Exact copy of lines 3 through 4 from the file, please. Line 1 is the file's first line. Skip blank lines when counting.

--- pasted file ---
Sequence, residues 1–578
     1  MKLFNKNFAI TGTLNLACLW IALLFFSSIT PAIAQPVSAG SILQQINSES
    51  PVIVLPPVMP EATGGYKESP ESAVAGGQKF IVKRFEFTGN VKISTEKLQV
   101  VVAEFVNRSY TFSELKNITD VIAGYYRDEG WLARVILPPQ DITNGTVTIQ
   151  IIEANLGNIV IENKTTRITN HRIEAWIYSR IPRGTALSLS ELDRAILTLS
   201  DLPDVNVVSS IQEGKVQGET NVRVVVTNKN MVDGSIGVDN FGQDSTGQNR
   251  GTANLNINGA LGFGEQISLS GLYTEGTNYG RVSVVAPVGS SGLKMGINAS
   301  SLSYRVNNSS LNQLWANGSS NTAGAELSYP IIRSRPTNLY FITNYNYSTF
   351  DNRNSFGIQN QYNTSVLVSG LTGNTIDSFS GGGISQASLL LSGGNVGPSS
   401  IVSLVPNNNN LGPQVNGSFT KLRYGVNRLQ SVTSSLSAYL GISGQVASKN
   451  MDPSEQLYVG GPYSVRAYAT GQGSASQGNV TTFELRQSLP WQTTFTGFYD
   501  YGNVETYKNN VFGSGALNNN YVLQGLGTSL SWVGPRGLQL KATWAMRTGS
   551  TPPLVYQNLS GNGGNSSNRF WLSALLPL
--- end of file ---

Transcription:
    51  PVIVLPPVMP EATGGYKESP ESAVAGGQKF IVKRFEFTGN VKISTEKLQV
   101  VVAEFVNRSY TFSELKNITD VIAGYYRDEG WLARVILPPQ DITNGTVTIQ